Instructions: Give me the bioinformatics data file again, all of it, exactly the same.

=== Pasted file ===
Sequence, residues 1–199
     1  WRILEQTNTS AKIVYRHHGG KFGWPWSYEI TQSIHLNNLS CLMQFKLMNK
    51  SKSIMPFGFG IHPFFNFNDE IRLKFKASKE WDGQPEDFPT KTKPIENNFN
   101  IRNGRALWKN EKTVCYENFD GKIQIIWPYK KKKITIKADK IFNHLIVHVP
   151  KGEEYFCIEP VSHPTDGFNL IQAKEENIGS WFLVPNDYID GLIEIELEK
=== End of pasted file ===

Sequence, residues 1–199
     1  WRILEQTNTS AKIVYRHHGG KFGWPWSYEI TQSIHLNNLS CLMQFKLMNK
    51  SKSIMPFGFG IHPFFNFNDE IRLKFKASKE WDGQPEDFPT KTKPIENNFN
   101  IRNGRALWKN EKTVCYENFD GKIQIIWPYK KKKITIKADK IFNHLIVHVP
   151  KGEEYFCIEP VSHPTDGFNL IQAKEENIGS WFLVPNDYID GLIEIELEK